Sure, Industry 4.0 offers many competitive advantages for manufacturers, but here’s the key: if they have the right skillset. While younger generations entering the workforce already have the required digitalisation skills, typically older workers need to up-skill and add digital skills to their existing toolset and industrial knowledge.

Another key aspect of Industry 4.0 is “big data”. By delving into data and using it to better understand customer needs, companies can create added value in the manufacturing process. Data insights can also be used to reduce unplanned downtime and enhance process efficiencies. Therefore, manufacturers need employees with skills in data science and analytics or invest in solutions such as Larry, the Digital Analyst.

  1. But what about Industry 5.0?

Because things happen so fast in today’s world, the next industrial revolution is already poking its head around the corner. It’s called “Industry 5.0” and it’s about combining robotics and automated machinery with the human touch — in other words, collaboration. This gets back to our mass customisation idea with the demand for one-off products. Robots are great at making standard products, but individualisation requires a “special something” that can only come from humans. What’s resulted from all this is a demand for collaborative robots (or “cobots”) that can work in side-by-side with humans on the factory floor. So these robots don’t replace the human workforce, they enhance it, and by taking on strenuous, dangerous tasks, robots give human employees the freedom to add value in other, more creative, ways. (Here’s a good blog on collaboration.)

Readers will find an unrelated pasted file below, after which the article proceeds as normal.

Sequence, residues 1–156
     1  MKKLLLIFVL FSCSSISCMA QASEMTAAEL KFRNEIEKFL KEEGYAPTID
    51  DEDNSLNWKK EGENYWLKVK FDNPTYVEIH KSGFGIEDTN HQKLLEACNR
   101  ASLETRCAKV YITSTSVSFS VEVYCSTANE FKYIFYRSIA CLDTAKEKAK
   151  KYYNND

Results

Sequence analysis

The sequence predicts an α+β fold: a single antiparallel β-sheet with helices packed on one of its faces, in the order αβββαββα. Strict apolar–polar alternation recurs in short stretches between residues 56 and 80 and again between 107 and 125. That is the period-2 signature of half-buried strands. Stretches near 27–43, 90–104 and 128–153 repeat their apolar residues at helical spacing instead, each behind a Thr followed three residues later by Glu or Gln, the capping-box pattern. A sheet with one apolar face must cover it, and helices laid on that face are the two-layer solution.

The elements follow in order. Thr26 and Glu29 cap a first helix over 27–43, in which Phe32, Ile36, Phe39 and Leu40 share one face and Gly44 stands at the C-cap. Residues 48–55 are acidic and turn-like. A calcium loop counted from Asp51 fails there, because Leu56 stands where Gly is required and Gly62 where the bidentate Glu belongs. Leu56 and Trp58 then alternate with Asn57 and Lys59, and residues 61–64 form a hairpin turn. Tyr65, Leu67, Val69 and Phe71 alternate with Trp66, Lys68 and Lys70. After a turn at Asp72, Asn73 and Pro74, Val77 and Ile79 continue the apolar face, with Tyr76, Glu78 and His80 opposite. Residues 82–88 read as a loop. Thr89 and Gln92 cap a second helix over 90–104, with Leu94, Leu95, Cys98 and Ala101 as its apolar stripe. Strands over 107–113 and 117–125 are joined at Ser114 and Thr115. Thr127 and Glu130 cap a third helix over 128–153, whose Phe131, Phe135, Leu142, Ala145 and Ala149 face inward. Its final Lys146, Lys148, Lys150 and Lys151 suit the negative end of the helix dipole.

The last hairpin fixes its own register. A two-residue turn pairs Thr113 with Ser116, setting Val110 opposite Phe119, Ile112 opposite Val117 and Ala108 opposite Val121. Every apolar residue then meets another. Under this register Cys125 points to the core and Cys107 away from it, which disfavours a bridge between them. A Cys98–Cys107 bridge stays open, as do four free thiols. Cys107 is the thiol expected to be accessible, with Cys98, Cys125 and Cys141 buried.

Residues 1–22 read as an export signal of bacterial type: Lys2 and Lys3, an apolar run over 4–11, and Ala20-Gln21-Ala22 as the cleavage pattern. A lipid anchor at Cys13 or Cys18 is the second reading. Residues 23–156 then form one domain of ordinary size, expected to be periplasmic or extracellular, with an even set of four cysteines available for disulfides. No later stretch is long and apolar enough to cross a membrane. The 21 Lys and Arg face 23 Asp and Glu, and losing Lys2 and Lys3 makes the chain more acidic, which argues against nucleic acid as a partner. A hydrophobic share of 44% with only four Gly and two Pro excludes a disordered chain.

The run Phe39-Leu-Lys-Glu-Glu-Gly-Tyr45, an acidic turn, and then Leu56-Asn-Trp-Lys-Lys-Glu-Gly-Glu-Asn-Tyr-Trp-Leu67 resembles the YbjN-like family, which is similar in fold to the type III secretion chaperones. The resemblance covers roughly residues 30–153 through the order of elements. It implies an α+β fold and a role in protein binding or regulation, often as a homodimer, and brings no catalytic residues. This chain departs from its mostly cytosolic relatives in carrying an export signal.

Wrap up

No matter what trend we’re talking about, Australian manufacturers just can’t afford to sit still. To remain competitive means you need to be flexible around new technology and processes, you need a culture of continuous improvement. The world is changing rapidly and you need to be ready to embrace the potential. (Could that even be Industry 6.0 …?)

Like to talk more about integrating production processes on your lines? Come and see us at Auspack on stand 56!

Want to read more? Matthews has a whole resource library of whitepapers, articles from our thought leaders, presentations, infographics, our YouTube channel and so on. And all material from our resource library is free to download!